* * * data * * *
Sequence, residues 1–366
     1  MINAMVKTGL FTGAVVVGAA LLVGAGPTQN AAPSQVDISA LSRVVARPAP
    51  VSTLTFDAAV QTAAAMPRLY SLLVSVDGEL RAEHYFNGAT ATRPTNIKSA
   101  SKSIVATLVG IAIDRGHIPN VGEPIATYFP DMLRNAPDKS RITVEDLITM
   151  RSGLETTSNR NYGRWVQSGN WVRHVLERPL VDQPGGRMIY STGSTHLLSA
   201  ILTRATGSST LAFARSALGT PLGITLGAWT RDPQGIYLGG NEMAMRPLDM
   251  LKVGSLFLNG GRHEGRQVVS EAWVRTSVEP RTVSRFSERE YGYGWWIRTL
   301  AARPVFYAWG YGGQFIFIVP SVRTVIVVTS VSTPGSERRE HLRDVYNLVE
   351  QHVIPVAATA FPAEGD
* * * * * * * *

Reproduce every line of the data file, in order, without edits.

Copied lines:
Sequence, residues 1–366
     1  MINAMVKTGL FTGAVVVGAA LLVGAGPTQN AAPSQVDISA LSRVVARPAP
    51  VSTLTFDAAV QTAAAMPRLY SLLVSVDGEL RAEHYFNGAT ATRPTNIKSA
   101  SKSIVATLVG IAIDRGHIPN VGEPIATYFP DMLRNAPDKS RITVEDLITM
   151  RSGLETTSNR NYGRWVQSGN WVRHVLERPL VDQPGGRMIY STGSTHLLSA
   201  ILTRATGSST LAFARSALGT PLGITLGAWT RDPQGIYLGG NEMAMRPLDM
   251  LKVGSLFLNG GRHEGRQVVS EAWVRTSVEP RTVSRFSERE YGYGWWIRTL
   301  AARPVFYAWG YGGQFIFIVP SVRTVIVVTS VSTPGSERRE HLRDVYNLVE
   351  QHVIPVAATA FPAEGD